Patients with advanced cancer and an abdominal surgical emergency pose a dilemma, because rescue surgery may be futile. This study defines morbidity and mortality rates and identifies preoperative risk factors that may predict outcome.
The National Surgical Quality Improvement Program database was queried for patients with disseminated cancer undergoing emergent abdominal surgery (2005–2012). Preoperative variables were used for prediction models for 30-day major morbidity and mortality. A tree model and logistic regression were used to find factors associated with outcomes. A training dataset was analyzed and then model performance was evaluated on a validation dataset.
Study patients had an overall 30-day major morbidity and mortality rate of 48.8% and 26%, respectively. The classification tree model for prediction for a morbidity involved the following variables: sepsis, albumin, functional status, and transfusion (misclassification rate, 36%). The tree model for mortality showed that an American Society of Anesthesiologists (ASA) score of 4 or 5 with a dependent functional status to be predictive of mortality (misclassification rate, 24%). There was agreement between models for predictive variables.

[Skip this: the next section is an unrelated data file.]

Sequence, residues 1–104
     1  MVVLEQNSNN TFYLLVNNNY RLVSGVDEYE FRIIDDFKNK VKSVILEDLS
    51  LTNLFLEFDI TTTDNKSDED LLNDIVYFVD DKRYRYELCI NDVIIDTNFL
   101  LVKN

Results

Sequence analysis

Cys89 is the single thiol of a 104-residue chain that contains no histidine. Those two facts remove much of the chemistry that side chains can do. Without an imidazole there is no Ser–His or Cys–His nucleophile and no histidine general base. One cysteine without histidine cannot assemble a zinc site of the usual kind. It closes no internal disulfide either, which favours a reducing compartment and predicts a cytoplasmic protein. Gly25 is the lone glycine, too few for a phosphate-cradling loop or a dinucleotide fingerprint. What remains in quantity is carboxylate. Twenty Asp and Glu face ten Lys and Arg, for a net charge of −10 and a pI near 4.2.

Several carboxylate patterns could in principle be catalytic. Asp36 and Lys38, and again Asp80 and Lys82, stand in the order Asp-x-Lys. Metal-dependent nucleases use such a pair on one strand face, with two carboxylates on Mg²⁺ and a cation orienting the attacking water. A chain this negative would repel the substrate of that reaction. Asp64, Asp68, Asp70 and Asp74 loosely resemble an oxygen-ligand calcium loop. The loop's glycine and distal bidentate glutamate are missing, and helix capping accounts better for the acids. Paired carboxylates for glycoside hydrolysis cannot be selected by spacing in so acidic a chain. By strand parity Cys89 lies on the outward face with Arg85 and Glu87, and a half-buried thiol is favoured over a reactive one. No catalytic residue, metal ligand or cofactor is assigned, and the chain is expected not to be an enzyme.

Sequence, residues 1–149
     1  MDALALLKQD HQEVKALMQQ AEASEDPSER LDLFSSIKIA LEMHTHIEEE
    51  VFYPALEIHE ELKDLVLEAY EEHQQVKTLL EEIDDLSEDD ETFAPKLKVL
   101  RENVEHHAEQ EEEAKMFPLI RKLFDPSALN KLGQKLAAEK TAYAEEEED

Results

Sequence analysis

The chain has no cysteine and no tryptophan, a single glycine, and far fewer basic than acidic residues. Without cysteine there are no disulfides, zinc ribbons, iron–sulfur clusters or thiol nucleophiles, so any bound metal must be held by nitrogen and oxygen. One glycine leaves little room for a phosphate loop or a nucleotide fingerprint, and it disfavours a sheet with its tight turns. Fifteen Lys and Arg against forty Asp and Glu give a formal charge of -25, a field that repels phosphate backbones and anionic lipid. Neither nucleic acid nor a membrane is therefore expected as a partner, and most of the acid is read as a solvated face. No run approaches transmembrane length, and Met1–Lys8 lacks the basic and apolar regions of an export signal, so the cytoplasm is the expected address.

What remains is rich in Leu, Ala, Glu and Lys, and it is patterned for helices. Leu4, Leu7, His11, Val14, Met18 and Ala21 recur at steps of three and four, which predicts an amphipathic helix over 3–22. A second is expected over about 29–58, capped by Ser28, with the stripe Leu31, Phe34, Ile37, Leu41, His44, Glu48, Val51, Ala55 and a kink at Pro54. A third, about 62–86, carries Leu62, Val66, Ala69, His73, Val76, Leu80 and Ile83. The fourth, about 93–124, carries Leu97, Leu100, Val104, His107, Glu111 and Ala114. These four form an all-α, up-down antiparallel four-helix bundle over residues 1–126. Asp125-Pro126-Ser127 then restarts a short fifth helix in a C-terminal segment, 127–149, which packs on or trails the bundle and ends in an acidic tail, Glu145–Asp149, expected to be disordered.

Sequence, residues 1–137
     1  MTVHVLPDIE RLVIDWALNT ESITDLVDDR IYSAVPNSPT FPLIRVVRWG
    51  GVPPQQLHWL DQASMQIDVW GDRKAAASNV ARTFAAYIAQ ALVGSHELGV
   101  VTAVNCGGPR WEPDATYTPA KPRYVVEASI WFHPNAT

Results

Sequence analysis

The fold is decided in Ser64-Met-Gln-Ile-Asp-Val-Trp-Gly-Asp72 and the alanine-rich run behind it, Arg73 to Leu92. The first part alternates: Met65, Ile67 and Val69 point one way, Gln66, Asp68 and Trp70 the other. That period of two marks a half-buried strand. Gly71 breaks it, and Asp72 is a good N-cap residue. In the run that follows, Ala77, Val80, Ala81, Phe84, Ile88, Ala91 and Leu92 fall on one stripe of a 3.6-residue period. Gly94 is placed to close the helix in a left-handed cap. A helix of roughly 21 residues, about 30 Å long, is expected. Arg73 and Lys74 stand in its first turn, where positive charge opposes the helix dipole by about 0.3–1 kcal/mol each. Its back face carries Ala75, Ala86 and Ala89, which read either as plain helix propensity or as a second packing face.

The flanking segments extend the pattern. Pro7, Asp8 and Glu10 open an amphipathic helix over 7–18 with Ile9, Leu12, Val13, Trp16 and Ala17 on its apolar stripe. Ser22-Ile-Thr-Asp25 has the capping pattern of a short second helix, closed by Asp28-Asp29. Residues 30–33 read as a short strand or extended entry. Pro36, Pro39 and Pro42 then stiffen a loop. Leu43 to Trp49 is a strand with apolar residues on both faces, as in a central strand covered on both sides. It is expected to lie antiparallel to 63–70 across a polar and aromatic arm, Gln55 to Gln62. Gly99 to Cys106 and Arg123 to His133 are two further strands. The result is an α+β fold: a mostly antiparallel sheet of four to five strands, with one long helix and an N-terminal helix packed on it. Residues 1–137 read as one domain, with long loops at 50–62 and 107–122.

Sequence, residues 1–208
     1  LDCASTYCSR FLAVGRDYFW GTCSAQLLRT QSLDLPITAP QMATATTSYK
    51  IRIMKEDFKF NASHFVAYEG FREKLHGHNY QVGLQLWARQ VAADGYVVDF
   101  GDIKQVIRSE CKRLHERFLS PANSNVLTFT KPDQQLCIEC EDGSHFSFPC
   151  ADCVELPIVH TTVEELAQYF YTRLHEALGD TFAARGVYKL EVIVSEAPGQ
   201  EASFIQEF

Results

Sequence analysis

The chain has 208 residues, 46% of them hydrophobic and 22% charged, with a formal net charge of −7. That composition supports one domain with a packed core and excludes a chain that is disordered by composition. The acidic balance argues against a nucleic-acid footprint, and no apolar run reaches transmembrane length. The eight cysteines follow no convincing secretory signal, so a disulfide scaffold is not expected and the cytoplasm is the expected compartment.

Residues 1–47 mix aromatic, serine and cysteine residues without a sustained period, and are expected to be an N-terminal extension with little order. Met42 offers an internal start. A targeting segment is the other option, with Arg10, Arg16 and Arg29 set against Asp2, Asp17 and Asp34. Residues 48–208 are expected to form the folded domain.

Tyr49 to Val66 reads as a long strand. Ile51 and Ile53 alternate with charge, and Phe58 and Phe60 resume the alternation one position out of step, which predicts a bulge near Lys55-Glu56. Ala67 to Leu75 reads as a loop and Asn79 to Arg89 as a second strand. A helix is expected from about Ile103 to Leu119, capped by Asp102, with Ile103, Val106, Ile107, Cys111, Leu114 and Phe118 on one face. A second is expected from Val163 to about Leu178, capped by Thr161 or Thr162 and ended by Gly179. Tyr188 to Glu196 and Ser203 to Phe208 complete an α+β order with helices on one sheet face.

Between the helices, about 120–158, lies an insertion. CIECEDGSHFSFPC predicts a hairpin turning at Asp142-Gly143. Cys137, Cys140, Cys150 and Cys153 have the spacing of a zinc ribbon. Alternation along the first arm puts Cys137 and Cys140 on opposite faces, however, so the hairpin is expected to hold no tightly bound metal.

The decision to operate for an abdominal emergency in the setting of disseminated cancer is difficult. Our study confirms the high risk for morbidity and mortality in this population. Preoperative factors including sepsis, increased ASA class, low serum albumin level, and patient functional dependence all predict poor outcomes.
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Published online: June 16, 2015
Accepted: April 22, 2015
© 2015 Elsevier Inc. Published by Elsevier Inc. All rights reserved.